Integrating P-Wave and S-Wave Seismic Data to Improve Characterization of Oil Reservoirs
This project was selected under the Historical Black Colleges and Universities program.
The research was conducted to produce 3-D vector-wave field images of geologic systems and then to analyze these 3-D images to determine what new geologic information can be determined by combining a shear (S)-wave based seismic stratigraphy interpretation with a compressional (P)-wave-based seismic stratigraphy analysis.
Prairie View A & M University
Prairie View, TX
Bureau of Economic Geology
University of Texas
The internal complexities and heterogeneities within an oil reservoir can be characterized with seismic stratigraphy. Traditionally, most oil reservoir characterization studies are done with only compressional P-wave seismic data. This project demonstrated that the full science of reservoir characterization can be achieved by incorporating the principles and application of vector-wave field seismic data in which geologic systems are interpreted using both P-wave and S-wave images of subsurface stratigraphy. This is because sometimes spatially coincident P and S seismic profiles do not show the same reflection sequences or the same lateral variations in seismic facies character.
The utilization of full-elastic seismic wavefield can be maximized in oil and gas exploration using knowledge of 9-component (9-C) seismic profiling in order to optimize the search for hydrocarbons.
The data used in the study were acquired by 9-C vertical seismic profile (VSP) using three orthogonal vector sources. The 9-C VSP is capable of generating P-wave mode and the fundamental S-wave mode (SH-SH and SV-SV) directly at the source station and permits the basic components of elastic wavefield (P, SH-SH, and SV-SV) to be separated from one another for the purposes of imaging. Analysis and interpretation of data from the study area show that incident full-elastic seismic wavefield is capable of reflecting four different wave modes-P, SH, SV and C-that can be utilized to fully understand the architecture and heterogeneities of geological sequences. The conventional seismic stratigraphy utilizes only reflected P-wave modes. The notation SH mode is the same as SH-SH; SV mode means SV-SV and C mode, which is converted sheer wave is a special SV mode and is the same as P-SV.
The research program was designed to attempt to answer the following questions:
- How are seismic vector-wave field data to be processed?
- How do these S-wave stratal surfaces differ from P-wave stratal surfaces?
- Do S-wave reflection data provide a different model of sequence relationships?
- How can P-wave and S-wave images be combined to create unified geologic models?
- How can 9-C VSP data be used to define equivalent sequence boundaries in P-wave and S-wave images?
The 3-D, 9-C data were recorded using midpoint imaging concepts that are standard practice in the oil and gas industry. Three orthogonal vibrators were used to generate a 9-C VSP-vertical, inline horizontal, and crossline horizontal. The geometry of the three orthogonal vibrators created stacking bins measuring 110 feet x 82.5 feet across the image space, with a stacking fold of 20-24 in the full-fold area of each data acquisition grid. The recording template that moved across the image space consisted of six parallel receiver lines, each spanning 96 receiver stations. Three-component geophones were deployed at each receiver station of this 3-D grid. Each receiver string deployed at a receiver station contained three 3-C geophones, and all three geophones were positioned in an area spanning 3-5 feet to form a point array. The geophones were planted carefully to position one horizontal element in the inline direction (the direction in which the receiver line was oriented) and the second horizontal element in the crossline direction. Large (52,000 lb) vibrators were used to generate the 9-C data.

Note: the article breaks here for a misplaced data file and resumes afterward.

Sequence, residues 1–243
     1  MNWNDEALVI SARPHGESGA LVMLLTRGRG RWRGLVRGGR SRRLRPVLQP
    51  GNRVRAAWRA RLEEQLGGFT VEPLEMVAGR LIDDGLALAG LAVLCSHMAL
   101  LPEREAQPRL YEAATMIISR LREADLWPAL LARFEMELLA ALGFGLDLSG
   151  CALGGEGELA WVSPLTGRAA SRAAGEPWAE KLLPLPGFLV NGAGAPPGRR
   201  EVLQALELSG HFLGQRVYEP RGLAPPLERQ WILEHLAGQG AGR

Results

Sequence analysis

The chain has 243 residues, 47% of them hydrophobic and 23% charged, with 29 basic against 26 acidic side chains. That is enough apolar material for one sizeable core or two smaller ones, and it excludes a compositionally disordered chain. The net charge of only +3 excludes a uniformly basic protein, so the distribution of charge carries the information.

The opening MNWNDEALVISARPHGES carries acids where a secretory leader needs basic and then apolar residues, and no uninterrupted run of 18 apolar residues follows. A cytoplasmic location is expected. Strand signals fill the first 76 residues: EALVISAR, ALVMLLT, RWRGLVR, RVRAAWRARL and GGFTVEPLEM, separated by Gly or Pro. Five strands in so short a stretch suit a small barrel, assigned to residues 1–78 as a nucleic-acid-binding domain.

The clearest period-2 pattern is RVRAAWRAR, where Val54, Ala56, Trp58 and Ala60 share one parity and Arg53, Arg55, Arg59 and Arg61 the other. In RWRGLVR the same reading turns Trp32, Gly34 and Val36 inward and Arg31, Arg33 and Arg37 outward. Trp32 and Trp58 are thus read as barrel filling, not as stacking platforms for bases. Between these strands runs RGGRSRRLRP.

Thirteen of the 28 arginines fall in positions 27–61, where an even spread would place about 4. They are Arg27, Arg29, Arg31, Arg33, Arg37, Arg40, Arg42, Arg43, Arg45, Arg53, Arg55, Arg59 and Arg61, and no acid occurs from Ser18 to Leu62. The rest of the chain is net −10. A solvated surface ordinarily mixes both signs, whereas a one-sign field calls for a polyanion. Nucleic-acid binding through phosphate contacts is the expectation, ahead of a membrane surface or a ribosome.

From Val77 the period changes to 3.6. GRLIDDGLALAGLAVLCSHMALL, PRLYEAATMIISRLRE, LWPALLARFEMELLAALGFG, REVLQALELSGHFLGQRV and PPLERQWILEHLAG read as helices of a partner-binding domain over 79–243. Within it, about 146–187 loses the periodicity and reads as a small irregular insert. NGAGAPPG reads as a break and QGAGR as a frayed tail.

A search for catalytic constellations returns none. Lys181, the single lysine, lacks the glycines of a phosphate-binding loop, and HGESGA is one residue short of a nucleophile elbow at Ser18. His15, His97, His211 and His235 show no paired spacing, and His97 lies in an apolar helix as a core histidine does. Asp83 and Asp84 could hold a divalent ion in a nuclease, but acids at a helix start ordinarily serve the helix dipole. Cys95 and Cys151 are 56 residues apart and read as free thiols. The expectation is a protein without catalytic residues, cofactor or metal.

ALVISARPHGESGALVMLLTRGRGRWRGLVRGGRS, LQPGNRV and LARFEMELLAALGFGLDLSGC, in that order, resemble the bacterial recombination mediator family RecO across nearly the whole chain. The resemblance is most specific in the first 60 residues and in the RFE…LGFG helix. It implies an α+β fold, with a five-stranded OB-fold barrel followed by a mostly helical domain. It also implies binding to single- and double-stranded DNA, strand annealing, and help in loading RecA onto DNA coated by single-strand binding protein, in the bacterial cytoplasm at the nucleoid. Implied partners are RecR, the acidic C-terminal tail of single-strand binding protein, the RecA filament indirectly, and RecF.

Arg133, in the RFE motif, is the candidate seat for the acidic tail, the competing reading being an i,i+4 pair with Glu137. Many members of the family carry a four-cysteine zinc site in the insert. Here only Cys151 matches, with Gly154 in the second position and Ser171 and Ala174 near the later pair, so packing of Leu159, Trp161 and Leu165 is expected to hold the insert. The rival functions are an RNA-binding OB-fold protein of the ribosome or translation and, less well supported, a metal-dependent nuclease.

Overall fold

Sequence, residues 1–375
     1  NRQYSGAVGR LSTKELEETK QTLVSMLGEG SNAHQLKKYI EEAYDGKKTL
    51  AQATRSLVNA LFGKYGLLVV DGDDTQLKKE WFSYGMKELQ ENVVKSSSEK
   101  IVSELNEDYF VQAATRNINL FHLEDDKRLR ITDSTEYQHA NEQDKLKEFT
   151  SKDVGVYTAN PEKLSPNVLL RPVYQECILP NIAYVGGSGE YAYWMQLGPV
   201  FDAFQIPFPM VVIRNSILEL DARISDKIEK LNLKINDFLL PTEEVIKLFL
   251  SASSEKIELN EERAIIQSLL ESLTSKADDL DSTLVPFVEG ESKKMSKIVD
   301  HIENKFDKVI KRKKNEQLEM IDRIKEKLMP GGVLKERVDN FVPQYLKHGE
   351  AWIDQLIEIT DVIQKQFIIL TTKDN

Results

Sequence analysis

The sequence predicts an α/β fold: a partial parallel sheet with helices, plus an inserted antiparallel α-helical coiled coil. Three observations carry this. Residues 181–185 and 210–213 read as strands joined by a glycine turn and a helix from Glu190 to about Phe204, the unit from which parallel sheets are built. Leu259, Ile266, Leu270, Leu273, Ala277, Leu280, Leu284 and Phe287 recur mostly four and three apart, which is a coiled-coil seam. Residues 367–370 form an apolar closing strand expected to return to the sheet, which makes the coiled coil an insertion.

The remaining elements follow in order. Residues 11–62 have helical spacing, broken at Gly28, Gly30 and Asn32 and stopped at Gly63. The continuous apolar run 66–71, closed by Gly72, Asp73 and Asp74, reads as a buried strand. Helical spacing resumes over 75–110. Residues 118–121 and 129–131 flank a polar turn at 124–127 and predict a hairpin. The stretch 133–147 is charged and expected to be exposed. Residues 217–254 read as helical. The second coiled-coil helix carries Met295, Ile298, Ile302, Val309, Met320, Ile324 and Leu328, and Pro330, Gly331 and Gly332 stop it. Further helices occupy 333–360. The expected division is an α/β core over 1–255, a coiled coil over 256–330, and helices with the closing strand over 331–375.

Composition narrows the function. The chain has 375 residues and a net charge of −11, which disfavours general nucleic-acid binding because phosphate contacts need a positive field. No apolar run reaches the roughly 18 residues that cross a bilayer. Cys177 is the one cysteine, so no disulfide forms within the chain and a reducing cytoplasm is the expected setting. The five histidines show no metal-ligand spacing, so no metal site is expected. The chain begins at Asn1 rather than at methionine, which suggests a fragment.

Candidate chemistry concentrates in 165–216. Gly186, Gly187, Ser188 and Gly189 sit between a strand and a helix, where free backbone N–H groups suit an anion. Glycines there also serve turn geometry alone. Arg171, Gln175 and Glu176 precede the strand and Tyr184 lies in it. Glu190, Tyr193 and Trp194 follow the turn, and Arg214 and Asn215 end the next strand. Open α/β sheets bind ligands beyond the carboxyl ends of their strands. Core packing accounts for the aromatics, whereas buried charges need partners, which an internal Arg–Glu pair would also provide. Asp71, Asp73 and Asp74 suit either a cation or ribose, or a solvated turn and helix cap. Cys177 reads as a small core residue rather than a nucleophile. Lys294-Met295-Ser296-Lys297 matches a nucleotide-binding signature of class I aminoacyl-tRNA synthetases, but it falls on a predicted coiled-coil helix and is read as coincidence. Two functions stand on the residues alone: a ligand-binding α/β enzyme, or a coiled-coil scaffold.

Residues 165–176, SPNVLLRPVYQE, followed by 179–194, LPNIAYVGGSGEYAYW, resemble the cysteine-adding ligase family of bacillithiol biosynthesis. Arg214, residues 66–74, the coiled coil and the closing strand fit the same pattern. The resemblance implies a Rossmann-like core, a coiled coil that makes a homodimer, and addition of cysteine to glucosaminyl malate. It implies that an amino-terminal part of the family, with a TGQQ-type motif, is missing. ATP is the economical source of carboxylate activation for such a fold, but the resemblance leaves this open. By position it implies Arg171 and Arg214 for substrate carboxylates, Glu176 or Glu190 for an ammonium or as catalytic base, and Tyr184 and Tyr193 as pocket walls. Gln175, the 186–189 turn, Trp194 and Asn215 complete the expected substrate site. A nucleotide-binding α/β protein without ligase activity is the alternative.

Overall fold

These four wave modes image unique geologic stratigraphy and facies and at the same time reflect independent stratal surfaces because of the unique orientation of their particle-displacement vectors. As a result of the distinct orientation of an individual mode's particle-displacement vector, one mode may react to a critical subsurface sequence more than the other. It was also observed that P-waves and S-waves did not always reflect from the same stratal boundaries.
The P- and C-waves are capable of imaging different stratal surfaces because P and C modes have different reflectivities at impedance boundaries. It was observed that it is possible for either P or C mode to have a zero or near-zero reflectivity at a given stratal geologic surface, while the other mode has a large reflectivity.
It was concluded that, in a complex geologic environment, it is necessary that the sedimentary record be described by one set of P-wave seismic sequences (and facies), and by a second, distinct set of S-wave sequences (and facies). The application of both P-and S-wave images to oil reservoir characterization is the current trend in most oil and gas companies and will sooner or later overtake the conventional seismic stratigraphy of only P-wave imaging.
Current Status (October 2005)
The project is complete.
Project Start: September 1, 2000
Project End: August 31, 2004
Anticipated DOE Contribution: $183,483
Performer Contribution: $0 (0% of total)
NETL - Purna Halder (firstname.lastname@example.org or 918-699-2084)
Prairie View - Innocent Aluka (email@example.com or 936-857-4510)